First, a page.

End of the Roadhouse
Friday, November 30, 2007
The exact whereabouts are like secret knowledge, passed around by people who grew up in places like Mount Rainier, or Bladensburg -- when they were hard-living blue-collar white-complexion neighborhoods just over the city line, before they got "art districts," brew pubs and Salvadoran restaurants, and everybody else moved to Calvert County.
Now around midnight you're scrutinizing the scribbled address by the dashboard light. Can't be. Yup, is. This is the place.
On the edge of rushing Kenilworth Avenue, between a tire shop and a used-car lot, is a blunt brick-and-cinder-block bunker. No windows. Exterior shafts of dim yellow, green and blue light illuminate beer signs. On top, a small neon beacon: "Surf Club," with silhouettes of a cocktail glass and musical notes. Parking is in back. Somebody has brought his dump truck.
It looks like the kind of place where it would be best not to make eye contact. Where a wise man has probably said, Son, if you don't start it, there won't be any.
Put your faith in the rusty electric guitar nailed like a religious icon to the facade, and step inside.
It's not often you can be present at an extinction.
* * *
Chick Hall's Surf Club, born in 1955, is the Washington area's last roadhouse.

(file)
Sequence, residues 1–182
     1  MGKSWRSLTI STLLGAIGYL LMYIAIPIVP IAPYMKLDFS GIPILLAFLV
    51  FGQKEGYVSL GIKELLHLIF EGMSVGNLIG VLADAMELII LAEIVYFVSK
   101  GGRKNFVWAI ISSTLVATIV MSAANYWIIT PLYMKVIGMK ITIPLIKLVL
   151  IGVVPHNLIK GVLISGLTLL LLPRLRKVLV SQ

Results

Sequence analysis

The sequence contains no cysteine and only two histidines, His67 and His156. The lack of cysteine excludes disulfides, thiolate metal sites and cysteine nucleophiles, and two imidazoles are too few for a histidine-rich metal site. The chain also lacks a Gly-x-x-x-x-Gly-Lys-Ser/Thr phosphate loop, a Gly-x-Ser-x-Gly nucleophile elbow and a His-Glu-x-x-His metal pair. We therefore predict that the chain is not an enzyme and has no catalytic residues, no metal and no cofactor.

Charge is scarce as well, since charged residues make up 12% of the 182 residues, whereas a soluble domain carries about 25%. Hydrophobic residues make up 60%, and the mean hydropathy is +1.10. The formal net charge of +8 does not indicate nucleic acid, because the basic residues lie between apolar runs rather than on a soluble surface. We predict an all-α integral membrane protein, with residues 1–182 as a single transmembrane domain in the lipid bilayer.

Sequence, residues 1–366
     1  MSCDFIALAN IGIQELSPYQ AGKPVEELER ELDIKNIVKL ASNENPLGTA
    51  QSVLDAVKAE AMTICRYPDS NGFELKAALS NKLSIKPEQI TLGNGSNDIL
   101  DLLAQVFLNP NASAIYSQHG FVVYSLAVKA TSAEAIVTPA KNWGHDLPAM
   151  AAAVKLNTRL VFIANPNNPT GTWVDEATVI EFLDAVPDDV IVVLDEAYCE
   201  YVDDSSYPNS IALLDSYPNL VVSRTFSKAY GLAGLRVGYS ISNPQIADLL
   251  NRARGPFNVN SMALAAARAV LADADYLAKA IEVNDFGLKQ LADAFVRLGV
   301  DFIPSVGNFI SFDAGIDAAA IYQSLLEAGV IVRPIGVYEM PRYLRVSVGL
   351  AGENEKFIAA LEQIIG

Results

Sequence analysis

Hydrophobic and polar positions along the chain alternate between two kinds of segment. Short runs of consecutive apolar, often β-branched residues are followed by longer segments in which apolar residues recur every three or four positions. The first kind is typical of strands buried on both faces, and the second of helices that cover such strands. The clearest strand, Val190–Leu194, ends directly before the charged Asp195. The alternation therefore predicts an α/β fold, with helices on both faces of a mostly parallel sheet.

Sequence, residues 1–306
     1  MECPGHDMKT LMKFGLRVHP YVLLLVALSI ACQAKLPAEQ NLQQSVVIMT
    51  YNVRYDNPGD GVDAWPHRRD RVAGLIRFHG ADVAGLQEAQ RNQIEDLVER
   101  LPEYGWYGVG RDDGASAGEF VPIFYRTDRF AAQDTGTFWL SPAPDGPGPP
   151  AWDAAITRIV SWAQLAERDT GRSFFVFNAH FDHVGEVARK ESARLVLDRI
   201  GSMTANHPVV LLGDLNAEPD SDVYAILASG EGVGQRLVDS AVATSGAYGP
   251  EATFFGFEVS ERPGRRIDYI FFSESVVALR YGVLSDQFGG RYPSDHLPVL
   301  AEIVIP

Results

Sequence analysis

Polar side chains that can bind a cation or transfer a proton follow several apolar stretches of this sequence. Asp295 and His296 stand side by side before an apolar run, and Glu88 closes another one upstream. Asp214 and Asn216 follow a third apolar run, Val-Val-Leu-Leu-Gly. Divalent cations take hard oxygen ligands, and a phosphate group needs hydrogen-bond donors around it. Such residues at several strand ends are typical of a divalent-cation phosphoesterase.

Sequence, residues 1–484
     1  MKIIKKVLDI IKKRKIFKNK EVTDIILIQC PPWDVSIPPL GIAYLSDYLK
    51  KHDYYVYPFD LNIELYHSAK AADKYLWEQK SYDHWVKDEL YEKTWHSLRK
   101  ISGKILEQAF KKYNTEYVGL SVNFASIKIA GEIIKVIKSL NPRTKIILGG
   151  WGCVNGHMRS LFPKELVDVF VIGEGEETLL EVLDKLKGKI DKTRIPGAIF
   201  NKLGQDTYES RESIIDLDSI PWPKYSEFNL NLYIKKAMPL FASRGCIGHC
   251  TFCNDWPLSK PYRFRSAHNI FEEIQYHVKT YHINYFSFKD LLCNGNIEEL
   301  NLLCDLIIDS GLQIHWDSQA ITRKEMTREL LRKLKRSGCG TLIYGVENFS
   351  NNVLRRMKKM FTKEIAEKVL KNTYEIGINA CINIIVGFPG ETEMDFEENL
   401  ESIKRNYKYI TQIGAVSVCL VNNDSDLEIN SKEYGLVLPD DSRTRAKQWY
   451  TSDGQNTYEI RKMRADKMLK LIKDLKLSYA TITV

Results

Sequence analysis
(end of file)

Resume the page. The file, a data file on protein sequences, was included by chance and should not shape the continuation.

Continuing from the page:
Not to take away from a few other joints that bear elements of that classic American style of refuge, but Chick's is the last of the originals, combining all the essential ingredients: Planted hard by the highway. Offering live music six or seven nights a week -- preferably country, honky-tonk, a rootsy blue sizzle. Charging little or nothing at the door. Featuring a big oak dance floor -- but no line-dancing, friend, and no mechanical bulls or Urban Cowboy airs, either.
Chick's has got "atmosphere," all right. As authentic and earned as callused hands, not re-created and market-tested like pre-faded jeans in Branson, Mo.
It's the kind of place where guys still use a pocketknife to groom their pool cue tips. Where the mechanic next door comes in to ask his buddy at the bar for help with a timing belt. Where mothers used to send their youngsters to drag Daddy the hell home for dinner. Where there was sawdust on the dance floor -- only guess what, it wasn't really sawdust, it was powdered shuffleboard wax. Where the fading "rules" are still printed on the wall -- "Anyone fighting will be barred" -- and posted side by side are schedules for the Redskins and NASCAR.
Chick Hall -- a country-jazz guitar virtuoso who made Armed Forces Radio records with Glenn Miller -- installed himself as the main attraction, the house band in his own house. But he had lots of help. Patsy Cline sang her heart out at the Surf Club, when it was located not far away on Bladensburg Road in Colmar Manor. Jimmy Dean, Roy Clark, Charlie Daniels, Lefty Frizzell, Jim Reeves dropped by to jam. In 1975 Chick relocated to the current location, 4711 Kenilworth Ave., in Edmonston.